In the current issue of Cardiovascular Innovations and Applications (Volume3, Number 2, 2018, pp. 237-250(14); DOI: https://doi.org/10.15212/CVIA.2017.0040 Randy R. Jeffrey, Robert F. Hamburger, Janelle Gooden-Ebanks and John W. Petersen from the Division of Cardiovascular Medicine, Department of Medicine, University of Florida, Gainesville, FL, USA consider impaired longitudinal strain as a common deficit in various cardiac diseases.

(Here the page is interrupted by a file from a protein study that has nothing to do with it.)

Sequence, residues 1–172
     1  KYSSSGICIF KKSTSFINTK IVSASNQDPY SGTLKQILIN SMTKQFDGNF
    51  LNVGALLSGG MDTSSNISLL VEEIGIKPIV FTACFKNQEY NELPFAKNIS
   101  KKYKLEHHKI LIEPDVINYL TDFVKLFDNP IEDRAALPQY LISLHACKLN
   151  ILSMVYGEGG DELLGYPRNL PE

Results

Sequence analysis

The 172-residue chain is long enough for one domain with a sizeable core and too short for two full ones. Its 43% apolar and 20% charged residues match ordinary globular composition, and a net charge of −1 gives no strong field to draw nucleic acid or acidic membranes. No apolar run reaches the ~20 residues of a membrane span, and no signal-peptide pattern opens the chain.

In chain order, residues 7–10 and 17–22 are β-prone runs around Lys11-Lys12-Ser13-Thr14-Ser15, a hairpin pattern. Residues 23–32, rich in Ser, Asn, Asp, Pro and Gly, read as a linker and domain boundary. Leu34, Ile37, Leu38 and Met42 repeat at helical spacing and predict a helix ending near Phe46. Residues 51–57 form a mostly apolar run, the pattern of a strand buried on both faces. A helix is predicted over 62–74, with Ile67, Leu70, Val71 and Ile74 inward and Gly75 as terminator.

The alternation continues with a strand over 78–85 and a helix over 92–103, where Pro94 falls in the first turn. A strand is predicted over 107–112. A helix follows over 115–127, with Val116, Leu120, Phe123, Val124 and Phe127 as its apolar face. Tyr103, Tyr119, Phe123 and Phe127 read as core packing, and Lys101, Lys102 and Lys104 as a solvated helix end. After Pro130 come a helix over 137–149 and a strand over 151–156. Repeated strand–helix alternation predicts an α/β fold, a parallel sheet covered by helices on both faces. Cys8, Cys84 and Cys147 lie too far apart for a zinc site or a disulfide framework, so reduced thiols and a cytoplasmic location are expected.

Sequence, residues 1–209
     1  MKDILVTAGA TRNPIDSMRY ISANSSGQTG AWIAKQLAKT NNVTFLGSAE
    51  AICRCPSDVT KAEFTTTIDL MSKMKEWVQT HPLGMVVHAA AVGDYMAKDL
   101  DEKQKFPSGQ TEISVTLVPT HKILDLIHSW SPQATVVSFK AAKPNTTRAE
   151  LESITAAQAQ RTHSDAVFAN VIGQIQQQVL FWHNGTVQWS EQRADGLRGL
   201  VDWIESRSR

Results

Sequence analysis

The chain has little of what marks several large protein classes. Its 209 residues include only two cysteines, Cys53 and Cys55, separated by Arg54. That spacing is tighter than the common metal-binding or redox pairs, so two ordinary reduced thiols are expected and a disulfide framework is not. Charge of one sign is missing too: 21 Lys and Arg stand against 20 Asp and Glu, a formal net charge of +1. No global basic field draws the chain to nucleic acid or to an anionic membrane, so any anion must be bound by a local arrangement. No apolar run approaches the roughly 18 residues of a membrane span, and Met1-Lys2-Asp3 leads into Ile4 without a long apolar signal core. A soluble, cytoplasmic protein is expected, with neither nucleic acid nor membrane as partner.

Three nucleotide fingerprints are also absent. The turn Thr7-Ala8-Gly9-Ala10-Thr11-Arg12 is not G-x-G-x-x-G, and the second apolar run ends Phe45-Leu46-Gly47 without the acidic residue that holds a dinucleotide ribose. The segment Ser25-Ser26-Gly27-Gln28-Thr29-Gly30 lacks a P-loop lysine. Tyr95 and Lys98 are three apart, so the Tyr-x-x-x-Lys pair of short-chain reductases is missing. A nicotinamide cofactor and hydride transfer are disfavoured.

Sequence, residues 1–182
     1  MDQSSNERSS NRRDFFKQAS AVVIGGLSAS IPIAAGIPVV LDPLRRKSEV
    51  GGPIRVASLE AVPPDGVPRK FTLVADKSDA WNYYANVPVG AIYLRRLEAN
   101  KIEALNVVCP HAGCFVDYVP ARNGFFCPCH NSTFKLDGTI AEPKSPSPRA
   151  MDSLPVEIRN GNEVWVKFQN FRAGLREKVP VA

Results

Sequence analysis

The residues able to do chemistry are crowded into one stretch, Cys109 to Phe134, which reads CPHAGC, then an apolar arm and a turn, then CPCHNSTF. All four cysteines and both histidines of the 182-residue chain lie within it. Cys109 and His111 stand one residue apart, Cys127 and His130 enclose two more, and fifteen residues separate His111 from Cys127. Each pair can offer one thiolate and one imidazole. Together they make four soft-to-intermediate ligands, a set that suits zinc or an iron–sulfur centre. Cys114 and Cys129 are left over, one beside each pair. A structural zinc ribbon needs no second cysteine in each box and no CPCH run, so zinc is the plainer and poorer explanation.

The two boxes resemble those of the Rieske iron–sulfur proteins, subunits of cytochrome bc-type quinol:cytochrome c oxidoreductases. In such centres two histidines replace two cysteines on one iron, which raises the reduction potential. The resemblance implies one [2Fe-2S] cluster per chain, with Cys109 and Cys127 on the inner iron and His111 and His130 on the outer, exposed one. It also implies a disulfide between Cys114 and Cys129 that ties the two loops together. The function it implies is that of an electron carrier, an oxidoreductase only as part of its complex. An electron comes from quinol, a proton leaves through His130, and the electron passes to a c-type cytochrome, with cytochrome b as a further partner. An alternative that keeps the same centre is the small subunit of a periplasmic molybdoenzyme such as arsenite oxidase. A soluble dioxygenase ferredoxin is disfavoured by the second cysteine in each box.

The use of speckle-tracking echocardiography (STE) is becoming an increasingly useful tool in the evaluation of myocardial disease. STE software can track the motion of the specular pattern created by the interference of ultrasound with the myofibers of the heart and provide a quantitative means to evaluate subtle changes in ventricular function that often occur before changes in ventricular ejection fraction are observed. STE is most often used to measure the change in shape (strain) of myocardial segments in the circumferential, radial, and longitudinal directions. In various diseases, including coronary artery disease, aortic stenosis, and mitral regurgitation, deficits in longitudinal strain appear to occur earlier than deficits in other measures of strain or in ejection fraction. Consideration of STE measures of left ventricular contraction has the potential to significantly affect clinical management and outcomes of ischemic and valvular heart disease given the ability to separate those with asymptomatic disease who may benefit from earlier interventions than current guidelines may suggest.
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